R310.01 inc. VAT
BLANKbottle Orbitofrontal Cortex 2022, "The barrels I like", is how Pieter Walser describes the selection process for this Chenin Blanc and Verdelho based blend with 46% Clairette Blanche, Grenache Blanc, Marsanne, Roussanne and a soupçon of Viognier. Lightly skin fermented, it has top notes of wild flowers and wet stone, citrus, pear and grapefruit flavours and a finish that lingers on the palate. Delicious."- Tim Atkin MW

BLANKbottle “Retirement @ 65” 2022

R320.00 inc. VAT
"Retirement @ 65? Let's hope that's not in Pieter Walser's plans, so that he can go on making wines like this Darling assemblage of Cinsault with 44% Syrah. Fermented with around 50% whole bunches, this is "almost a field blend", with plum, bramble and red berry fruit, lots of zip and minerality and sinewy tannins." - Tim Atkin MW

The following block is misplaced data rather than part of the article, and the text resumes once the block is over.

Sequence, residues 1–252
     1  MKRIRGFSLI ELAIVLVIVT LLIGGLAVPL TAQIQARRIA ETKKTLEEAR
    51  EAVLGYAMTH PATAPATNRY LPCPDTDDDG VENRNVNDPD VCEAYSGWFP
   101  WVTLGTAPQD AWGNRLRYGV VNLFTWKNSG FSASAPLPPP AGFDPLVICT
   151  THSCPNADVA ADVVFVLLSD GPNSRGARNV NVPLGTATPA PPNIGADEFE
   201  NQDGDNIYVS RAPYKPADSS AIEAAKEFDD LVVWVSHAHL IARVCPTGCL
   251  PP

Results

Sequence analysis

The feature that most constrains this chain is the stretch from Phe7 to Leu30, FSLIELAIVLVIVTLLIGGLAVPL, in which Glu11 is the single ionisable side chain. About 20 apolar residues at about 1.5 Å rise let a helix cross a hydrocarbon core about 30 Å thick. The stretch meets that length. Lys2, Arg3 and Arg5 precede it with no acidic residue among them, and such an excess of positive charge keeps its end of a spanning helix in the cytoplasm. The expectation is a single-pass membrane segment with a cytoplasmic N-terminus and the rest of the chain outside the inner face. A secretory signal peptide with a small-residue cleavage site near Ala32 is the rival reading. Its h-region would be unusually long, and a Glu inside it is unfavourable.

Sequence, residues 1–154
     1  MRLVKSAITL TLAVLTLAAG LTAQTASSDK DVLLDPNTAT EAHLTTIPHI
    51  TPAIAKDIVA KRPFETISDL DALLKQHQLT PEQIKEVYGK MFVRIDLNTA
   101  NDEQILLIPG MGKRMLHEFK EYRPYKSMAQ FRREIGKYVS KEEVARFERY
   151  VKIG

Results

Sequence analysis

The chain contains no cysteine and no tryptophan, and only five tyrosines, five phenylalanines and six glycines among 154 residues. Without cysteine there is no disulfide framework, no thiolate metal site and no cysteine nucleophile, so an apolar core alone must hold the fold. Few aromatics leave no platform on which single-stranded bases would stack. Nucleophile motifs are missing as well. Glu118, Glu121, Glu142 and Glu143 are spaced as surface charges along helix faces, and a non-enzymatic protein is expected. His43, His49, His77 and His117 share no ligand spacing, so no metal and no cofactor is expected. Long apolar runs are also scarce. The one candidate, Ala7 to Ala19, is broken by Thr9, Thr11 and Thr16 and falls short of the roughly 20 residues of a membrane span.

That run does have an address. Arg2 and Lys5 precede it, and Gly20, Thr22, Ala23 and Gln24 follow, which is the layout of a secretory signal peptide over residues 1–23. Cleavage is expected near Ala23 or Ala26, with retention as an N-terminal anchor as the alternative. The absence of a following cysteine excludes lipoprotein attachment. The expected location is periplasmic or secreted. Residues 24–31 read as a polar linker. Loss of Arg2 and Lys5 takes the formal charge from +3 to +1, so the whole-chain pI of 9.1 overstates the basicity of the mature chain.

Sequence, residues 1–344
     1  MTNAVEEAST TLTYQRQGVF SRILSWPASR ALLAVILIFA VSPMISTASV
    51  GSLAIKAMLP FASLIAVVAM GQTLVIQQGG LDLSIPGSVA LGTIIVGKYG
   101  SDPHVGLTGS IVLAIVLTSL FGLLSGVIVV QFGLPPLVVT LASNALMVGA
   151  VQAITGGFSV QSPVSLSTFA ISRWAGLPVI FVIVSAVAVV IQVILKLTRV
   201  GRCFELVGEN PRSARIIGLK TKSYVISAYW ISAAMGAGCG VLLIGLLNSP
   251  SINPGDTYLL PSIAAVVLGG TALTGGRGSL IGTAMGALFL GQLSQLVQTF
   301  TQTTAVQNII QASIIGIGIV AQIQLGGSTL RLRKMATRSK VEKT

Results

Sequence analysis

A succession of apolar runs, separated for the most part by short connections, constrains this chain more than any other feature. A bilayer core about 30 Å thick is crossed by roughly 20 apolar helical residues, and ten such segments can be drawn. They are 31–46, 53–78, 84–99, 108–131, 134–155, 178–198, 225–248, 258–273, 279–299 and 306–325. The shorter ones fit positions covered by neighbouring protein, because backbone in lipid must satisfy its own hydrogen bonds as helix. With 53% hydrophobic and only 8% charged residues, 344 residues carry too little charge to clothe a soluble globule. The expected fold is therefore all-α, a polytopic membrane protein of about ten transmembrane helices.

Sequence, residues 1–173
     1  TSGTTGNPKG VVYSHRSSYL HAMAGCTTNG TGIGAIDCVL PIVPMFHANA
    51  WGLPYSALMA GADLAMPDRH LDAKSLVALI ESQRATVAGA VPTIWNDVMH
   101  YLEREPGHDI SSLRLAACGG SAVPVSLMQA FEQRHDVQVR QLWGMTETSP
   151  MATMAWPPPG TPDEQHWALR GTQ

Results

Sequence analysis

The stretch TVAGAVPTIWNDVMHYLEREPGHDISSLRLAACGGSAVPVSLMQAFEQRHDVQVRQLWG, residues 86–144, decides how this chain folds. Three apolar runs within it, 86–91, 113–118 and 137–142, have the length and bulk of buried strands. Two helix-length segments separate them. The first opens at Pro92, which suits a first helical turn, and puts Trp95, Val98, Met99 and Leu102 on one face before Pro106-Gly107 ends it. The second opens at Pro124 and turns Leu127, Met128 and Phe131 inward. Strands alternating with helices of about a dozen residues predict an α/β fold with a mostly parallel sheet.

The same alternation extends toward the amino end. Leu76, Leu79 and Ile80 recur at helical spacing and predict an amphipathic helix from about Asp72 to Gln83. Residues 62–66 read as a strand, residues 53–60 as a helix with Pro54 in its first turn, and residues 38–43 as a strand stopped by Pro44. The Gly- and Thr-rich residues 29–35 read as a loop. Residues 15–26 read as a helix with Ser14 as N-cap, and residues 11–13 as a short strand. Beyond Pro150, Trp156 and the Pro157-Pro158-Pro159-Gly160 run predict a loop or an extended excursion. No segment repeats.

BLANKbottle My Koffer 2022

R315.00 inc. VAT
"One of two remarkable Cinsaults in the BLANKbottle line up, My Köffer comes from a parcel of river stones in Breedekloof, picked in three stages to maximise complexity. Bolder and broader than Pseudonym, it has impressive concentration and depth, savoury tannins, some clove and pepper spices and layers of plum, strawberry and black cherry. Delicious." Tim Atkin MW

BLANKbottle The Pink Bomb 2022

R255.00 inc. VAT